What was new for me was the detail that Borg and Crossan added in their book, proposing that Jesus’ means of entry into Jerusalem was as intentional as the time of day he would ride. They proposed that he intentionally planned to juxtapose himself and his mission over against Pontius Pilate and Pilate’s mission. Jesus enters in a powerless and pathetic manner–but peacefully. How Pilate enters in dramatic contrast is with all the military trappings imaginable both to underscore the power at his command as the Roman Emperor-appointed Governor over the Jews and to underscore Roman military power in general.
Get the picture in your mind, and once you do you’ll likely never forget it. Jesus appearing pathetic, really–utterly powerless-looking, riding a mother donkey with her baby colt tagging along beside her–enters on one side of Jerusalem. On the other side of Jerusalem at about the same time or at exactly the same time Pilate rides in astride his mighty steed with his personal and military entourage tagging along behind him.
We can imagine it, but we can’t see it. Borg and Crossan help us get the point. Pilate had all the signs of massive military power at his disposal. Jesus, said our team of scholars, is riding a little donkey–recently a mother and still nursing her colt. Jesus wanted to present the most unmilitaristic image he could present.
Jesus was literally living out his, “Blessed are the peacemakers,” beatitude. Also he was showing Rome, his already committed followers, and those who would follow him IF he promised to be what they wanted him to be exactly what he was about. This donkey ride was his powerful nonverbal confirmation that he was not militaristic in any way. Rome had absolutely nothing to worry about in that regard; those who wanted a warrior Messiah or a new king did.
The enthusiastic group of people outside Jerusalem who for a while believed he was the militaristic Messiah their ancestors had longed for and taught them to long for quickly realized, though not instantly for some reason, that Jesus was not about their intention for him. In hours or days, as I said earlier, he was nothing to them. This is not to say they wanted him to die. That was not the case. They simply had no use for him anymore because he didn’t fulfill their expectations as a potential leader.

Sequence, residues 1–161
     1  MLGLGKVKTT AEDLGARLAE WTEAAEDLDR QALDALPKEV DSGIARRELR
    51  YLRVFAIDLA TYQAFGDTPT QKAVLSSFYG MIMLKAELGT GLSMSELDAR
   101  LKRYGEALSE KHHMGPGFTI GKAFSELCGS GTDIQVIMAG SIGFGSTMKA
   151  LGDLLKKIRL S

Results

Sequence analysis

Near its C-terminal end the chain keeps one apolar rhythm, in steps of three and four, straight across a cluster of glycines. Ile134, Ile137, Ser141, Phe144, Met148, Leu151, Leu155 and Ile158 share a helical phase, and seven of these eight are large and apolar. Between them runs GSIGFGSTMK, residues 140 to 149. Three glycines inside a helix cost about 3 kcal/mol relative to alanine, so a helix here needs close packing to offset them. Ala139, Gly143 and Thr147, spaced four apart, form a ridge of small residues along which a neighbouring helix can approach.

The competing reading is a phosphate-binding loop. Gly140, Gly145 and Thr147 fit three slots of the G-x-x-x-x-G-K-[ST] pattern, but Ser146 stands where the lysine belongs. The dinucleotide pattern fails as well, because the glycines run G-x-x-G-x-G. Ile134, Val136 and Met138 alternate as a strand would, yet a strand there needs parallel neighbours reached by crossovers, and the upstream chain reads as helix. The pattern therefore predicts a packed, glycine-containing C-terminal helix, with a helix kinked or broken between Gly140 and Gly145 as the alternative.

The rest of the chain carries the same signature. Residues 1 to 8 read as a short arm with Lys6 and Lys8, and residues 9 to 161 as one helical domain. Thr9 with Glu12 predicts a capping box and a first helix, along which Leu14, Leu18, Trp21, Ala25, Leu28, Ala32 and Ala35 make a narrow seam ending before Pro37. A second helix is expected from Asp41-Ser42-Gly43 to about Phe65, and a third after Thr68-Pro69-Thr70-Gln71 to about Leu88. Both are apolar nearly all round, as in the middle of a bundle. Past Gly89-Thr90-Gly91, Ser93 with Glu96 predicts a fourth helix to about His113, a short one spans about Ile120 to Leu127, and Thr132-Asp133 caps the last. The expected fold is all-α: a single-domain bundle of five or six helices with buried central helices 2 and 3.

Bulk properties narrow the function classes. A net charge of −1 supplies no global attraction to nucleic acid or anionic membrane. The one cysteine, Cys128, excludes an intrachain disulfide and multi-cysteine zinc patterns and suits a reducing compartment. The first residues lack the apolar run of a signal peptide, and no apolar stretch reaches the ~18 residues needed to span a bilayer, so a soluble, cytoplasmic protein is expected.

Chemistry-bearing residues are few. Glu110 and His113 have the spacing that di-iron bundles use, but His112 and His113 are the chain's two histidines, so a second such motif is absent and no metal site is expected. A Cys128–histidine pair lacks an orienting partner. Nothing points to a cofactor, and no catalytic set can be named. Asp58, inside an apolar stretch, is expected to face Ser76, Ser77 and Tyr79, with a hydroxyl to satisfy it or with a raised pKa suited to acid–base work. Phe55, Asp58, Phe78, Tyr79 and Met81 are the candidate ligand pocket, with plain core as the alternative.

They did not trust him to make the decisions that had to be made in the face of the realities he had to deal with. Even in his own inner circle there were those, notably Judas, who would not give up on the idea that Jesus really was the militaristic Messiah longed before from olden times and that when the going got tough enough Jesus would show his true colors by coming out fighting and gathering armies all over the place to support him.
Let us not focus too much on how the people at Passover misunderstood Jesus. They were not the first to misunderstand him, and they have not been the last to misunderstand Jesus. We know in our own time how widely Jesus is misunderstood, how his teachings are twisted and abused for personal gain and manipulation of blind would-be devotees. There are those who still believe we can turn Jesus into a militaristic figure, one that blesses their war efforts. The enemies may change, but the crusade mentality still pops up now and again.
Jesus is not a Rorschach figure, someone we can shoot up on the screen of our imaginations and see him as whomever we want him to be for our purposes, blessing our concerns and our efforts and our hopes and aspirations as if he had no identity other than what people in his time and people since then have superimposed upon him. If you want to benefit from Jesus’ legacy, you must remember the Jesus on the little donkey communicating nonverbally, rejecting his finest opportunity to become a super power.